Some of the researchers suspect that the stability of the undamaged starch bubble is due to the uniform hydrophobicity of the similar sized granules, and that these cause an interface between damp gaseous air pockets and the liquid batter. Whatever the exact reason, this "stone wall" matrix allows bubbles to grow and expand as interior CO2 levels increase, which leads to superior bread loaves.

    This technique has the potential to revolutionize the gluten-free bread industry. Stay tuned to see how the story evolves.

    Source:

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    Guest Terry

    Posted

    Anyone who has tried Glutino's white bread already knows a North American company has already achieved similar results.

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    Guest linen

    Posted

    I just researched it and this flour is also called glutineous rice flour and/or wet milled rice flour. Haven't tried it yet, but it's my next project in making bread with this type of flour. Thanks for the info!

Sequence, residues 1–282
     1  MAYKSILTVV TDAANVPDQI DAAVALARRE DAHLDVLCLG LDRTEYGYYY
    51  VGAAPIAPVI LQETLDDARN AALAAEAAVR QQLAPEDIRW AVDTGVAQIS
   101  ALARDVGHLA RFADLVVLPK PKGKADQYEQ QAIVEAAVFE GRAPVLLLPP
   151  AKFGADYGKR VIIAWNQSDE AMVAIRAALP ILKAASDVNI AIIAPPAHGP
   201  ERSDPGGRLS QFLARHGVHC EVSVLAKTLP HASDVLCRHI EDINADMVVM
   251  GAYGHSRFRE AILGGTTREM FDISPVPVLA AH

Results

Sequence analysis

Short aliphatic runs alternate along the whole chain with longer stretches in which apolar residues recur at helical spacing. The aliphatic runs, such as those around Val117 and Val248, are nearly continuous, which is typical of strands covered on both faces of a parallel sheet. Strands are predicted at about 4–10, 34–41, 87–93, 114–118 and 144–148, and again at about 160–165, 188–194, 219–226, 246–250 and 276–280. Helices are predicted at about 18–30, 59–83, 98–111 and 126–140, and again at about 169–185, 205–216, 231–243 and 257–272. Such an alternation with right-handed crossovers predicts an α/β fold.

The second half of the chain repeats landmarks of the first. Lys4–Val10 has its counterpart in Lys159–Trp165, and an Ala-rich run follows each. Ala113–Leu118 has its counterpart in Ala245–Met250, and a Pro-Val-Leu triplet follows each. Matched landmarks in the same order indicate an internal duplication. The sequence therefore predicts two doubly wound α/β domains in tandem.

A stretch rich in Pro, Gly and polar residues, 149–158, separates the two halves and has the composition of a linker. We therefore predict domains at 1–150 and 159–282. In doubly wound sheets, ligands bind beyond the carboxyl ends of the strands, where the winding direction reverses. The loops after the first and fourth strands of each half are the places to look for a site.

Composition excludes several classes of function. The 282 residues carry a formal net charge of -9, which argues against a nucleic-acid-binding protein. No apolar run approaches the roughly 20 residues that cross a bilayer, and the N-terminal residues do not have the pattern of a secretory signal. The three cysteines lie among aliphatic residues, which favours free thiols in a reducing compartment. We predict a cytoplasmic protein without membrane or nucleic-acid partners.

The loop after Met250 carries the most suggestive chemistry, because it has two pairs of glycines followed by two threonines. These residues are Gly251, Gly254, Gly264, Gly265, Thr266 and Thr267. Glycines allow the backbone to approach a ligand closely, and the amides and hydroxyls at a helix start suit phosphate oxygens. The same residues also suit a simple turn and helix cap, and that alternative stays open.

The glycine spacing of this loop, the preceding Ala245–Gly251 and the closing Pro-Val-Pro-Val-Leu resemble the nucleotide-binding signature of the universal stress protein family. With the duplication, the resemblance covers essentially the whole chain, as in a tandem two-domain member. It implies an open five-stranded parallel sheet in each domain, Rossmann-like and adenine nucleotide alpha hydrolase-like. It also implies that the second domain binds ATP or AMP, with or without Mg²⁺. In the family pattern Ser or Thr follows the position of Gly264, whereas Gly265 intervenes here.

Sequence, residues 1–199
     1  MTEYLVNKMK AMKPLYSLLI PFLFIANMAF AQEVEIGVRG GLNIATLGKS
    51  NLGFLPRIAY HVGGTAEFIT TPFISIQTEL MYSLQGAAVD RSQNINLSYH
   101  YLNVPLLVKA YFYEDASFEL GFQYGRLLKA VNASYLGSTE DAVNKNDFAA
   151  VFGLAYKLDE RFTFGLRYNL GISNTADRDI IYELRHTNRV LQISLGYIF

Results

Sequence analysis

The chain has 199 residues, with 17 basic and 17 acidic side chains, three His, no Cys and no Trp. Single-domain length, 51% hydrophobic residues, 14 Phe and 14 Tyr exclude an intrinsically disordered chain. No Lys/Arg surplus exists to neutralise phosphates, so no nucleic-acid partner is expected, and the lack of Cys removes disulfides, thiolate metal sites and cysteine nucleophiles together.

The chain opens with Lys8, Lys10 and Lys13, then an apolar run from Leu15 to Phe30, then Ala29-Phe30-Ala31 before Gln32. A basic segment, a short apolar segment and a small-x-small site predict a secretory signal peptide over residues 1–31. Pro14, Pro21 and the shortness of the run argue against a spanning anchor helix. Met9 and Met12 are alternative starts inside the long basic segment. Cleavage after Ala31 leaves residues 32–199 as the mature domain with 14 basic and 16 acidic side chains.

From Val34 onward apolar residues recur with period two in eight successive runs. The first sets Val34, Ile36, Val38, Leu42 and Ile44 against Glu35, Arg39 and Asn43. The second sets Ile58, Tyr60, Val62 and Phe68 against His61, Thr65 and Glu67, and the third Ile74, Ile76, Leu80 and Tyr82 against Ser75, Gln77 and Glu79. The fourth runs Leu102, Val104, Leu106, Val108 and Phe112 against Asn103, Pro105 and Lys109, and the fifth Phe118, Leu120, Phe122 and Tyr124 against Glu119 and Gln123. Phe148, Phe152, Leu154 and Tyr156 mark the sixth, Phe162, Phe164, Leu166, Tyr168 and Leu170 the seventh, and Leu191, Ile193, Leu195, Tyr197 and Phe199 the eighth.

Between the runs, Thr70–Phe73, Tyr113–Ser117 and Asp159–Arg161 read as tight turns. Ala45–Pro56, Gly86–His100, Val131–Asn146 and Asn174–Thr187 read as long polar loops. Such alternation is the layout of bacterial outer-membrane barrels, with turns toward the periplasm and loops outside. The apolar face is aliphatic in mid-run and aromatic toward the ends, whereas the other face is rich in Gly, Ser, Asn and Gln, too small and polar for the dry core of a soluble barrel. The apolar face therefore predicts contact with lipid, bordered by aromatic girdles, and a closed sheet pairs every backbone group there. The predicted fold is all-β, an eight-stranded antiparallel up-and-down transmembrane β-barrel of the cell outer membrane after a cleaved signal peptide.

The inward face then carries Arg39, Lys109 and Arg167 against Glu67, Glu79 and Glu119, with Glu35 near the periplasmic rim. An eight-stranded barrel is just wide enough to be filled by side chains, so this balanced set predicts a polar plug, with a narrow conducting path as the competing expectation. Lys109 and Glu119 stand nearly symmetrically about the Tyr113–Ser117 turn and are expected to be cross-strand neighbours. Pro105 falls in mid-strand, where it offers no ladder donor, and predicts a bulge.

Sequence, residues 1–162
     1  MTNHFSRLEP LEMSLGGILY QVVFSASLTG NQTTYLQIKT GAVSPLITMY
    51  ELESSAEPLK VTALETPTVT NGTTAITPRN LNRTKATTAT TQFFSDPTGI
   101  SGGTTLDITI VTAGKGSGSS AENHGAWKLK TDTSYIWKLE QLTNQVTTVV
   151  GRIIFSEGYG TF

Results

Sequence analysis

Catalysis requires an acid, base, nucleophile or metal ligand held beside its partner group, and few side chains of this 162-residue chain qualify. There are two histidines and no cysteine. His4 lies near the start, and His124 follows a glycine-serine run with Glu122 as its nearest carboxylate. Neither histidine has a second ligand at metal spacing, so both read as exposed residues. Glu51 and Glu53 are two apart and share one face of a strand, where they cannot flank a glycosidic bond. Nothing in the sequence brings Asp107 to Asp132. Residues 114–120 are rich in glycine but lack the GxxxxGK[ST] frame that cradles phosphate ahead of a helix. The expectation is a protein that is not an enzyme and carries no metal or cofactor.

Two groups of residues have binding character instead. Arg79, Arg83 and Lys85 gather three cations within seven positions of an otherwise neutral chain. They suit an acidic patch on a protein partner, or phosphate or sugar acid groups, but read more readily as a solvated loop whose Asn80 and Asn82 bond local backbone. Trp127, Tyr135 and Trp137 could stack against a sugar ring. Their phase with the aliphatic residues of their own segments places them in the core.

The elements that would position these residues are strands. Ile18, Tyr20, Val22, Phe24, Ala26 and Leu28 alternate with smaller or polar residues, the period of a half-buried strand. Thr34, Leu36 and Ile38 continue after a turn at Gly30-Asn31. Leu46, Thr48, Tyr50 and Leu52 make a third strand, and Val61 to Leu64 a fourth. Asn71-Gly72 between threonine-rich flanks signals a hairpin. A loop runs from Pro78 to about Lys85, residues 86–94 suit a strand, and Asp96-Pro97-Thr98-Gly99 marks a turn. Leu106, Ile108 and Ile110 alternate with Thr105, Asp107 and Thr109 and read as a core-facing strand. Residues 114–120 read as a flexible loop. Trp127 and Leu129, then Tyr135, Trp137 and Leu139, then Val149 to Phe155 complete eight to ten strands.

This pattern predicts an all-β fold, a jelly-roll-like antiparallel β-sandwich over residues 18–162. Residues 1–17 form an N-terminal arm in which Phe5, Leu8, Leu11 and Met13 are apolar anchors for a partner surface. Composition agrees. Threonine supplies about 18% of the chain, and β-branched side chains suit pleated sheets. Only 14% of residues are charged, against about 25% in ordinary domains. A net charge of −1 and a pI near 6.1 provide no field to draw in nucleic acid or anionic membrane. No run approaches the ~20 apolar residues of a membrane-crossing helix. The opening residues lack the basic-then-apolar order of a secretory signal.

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    Guest linen

    Posted

    I was really excited when I read this article. I researched it and this rice flour is also called glutineous rice flour or wet milled rice flour. For Terry who says it's similar to Glutino white bread, many of us cannot eat Glutino because of of a corn allergy. So being able to make our own yummy bread with this wet milled rice flour is exciting.

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    Guest coloradosue

    Posted

    Schar makes the best white and multigraine bread around. Include also hot dog buns, hamburger buns,etc. Well worth the price if you are hungry. Hopefully, the prices will come down sooner than later.

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    Guest Lynard Henderson

    Posted

    Schar makes the best white and multigraine bread around. Include also hot dog buns, hamburger buns,etc. Well worth the price if you are hungry. Hopefully, the prices will come down sooner than later.

    Schar uses corn, and I can't eat corn.

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    Sources:
    1. Toft M, Dietrichs E. Aggravated stuttering following subthalamic deep brain stimulation in Parkinson’s disease--two cases. BMC Neurol. 2011 Apr 8;11:44.